Nigeria: International Women’s Day eclipsed as men win 96% of legislative seats

By Eniola Akinkuotu

Posted on Wednesday, 8 March 2023 13:31
File photo of Nigerian women queueing to vote. (AP Photo/Ben Curtis)

Nigeria’s recently concluded federal legislative election has produced only three female senators and 13 representatives based on the results released so far. As the world marks the International Women’s Day, activists tell The Africa Report that Nigeria still has a long way to go with regards to gender equality, calling the latest legislative election “woeful and demoralising”.

Nigeria’s parliament has two chambers – the Senate that has 109 seats and the House of Representatives that has 360, a total of 469 seats. This means women will occupy roughly 3.2% of the seats in the 10th National Assembly, which will be inaugurated in June, while men will take the remaining 96%.

A supplementary poll will be held to fill 32 seats in the coming days. The Africa Report, however, notes that men are still projected to win at least 90% of these remaining seats as the frontline candidates in these elections are men.

The development is seen as a setback in the struggle for general equality which is one of the Sustainable Development Goals.

In the current National Assembly, women make up around 4.47% and hold no key positions in the federal legislature. They only occupy 45 out of 990 seats at state houses of assemblies across the 36 states.

Hopeless situation?

The Africa Report notes that several attempts to ensure that women are allowed better representation have hit a brick wall.

In February 2022, a bill for a constitutional amendment that would have ensured 111 extra seats for women at the National Assembly was rejected by the male-dominated legislature.

This was despite the lobbying by First Lady Aisha Buhari; Dame Pauline Tallen (minister of women affairs); Zainab Ahmed (minister of finance) and other female appointees of the president.

Three months earlier, a female lawmaker, Senator Abiodun Olujimi, had attempted to get her colleagues to pass the Gender and Equal Opportunity Bill.

In the previous assembly, [women] were less than 5%, but now we are less than 4%. It is demoralising.

The proposed law sought to mandate public institutions to ensure that a minimum of 35% of all offices, positions or appointments are reserved for women. It would also mandate public or private institutions to take appropriate measures to grant equal pay to persons of the same level of skill, competence and knowledge, regardless of gender.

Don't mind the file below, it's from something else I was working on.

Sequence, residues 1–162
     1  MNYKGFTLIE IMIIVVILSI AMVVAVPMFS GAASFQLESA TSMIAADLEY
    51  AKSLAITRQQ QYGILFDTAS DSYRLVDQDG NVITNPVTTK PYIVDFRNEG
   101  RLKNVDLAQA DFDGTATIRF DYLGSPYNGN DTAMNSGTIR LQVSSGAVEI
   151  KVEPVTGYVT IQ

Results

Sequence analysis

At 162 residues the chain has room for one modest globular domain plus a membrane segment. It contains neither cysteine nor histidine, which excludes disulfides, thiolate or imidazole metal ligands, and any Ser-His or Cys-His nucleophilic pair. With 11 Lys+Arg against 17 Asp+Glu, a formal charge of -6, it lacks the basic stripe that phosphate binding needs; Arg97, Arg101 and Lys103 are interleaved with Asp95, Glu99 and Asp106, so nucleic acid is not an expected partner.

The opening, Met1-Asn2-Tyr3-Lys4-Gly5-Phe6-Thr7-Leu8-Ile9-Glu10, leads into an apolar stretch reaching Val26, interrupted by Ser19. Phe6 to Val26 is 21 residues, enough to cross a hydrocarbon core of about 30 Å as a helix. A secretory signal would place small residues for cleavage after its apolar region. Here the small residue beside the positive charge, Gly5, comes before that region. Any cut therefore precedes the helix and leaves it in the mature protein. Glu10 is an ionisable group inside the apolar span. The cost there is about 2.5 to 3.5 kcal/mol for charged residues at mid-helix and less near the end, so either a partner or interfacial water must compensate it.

The bill also stated that a widow must not be subjected to inhuman treatment and that she is also entitled to the custody of her children after the death of her husband, unless it is contrary to the welfare of the children.

Once more, however, the bill that seeks to guarantee women’s rights to equal opportunities as men was opposed by the male-dominated Senate.

In the last 20 years, the National Assembly has rejected at least 11 bills that would have ensured gender equality.

Last year, a Federal High Court in Abuja, ordered the Federal Government to enforce the National Gender Policy by allotting 35% of appointments in the public sector to women.

Nine civil society organisations filed the suit against the Nigerian government on 24 August 2020, seeking the implementation of the 35% Affirmative Action in appointments of women into public office. Rather than execute the judgement, the Federal Government has filed an appeal.

International Women’s Day

In an interview with The Africa Report, gender rights activist Ndi Kato, who runs the Dinidari Empowerment Foundation that focuses on youth and women empowerment, says the conversation for gender equality must not be a seasonal one, but must be part of the mainstream conversation.

“In the previous assembly, [women] were less than 5%, but now we are less than 4%. It is demoralising. I participated in the electoral process and I noticed that most women were not given tickets. It is actually the political party system that eliminates women from the race.

It is only when election season approaches that the conversation for women’s participation is heightened.

“It is really sad. Also, our approach to getting more women into politics is a fire brigade one. It is only when election season approaches that the conversation for women’s participation is heightened. We need a long-term plan,” she says.

Opeyemi Oriniowo, a gender rights activist, tells The Africa Report that the executive arm of government has to take the lead after which other facets of society will follow.

Oriniowo, the project lead at Nigeria Youth Futures Fund, says the incoming government of Bola Tinubu has already promised to ensure that 35% of appointments go to women.

He says this presents a key opportunity for women to press for the fulfilment of this promise, adding that once women hold key appointments, it will be easy for them to also run for elective offices.

“I think since the legislature has failed to ensure that women are given equality, the buck now stops with the executive to ensure that this is done through appointments. Already, Tinubu says in his manifesto that he will ensure women get 35%, so now is the time to hold him accountable,” he says.

Currently, Nigeria has no female governors and only two women – Senator Aisha Binani Ahmed of the All Progressives Congress in Adamawa and Beatrice Itubor of the Labour Party in Rivers State – have a realistic pathway to victory in Saturday’s governorship poll.

Overall, these elected officials are the exception to the rule – women will remain shut out of elective office until 2027.

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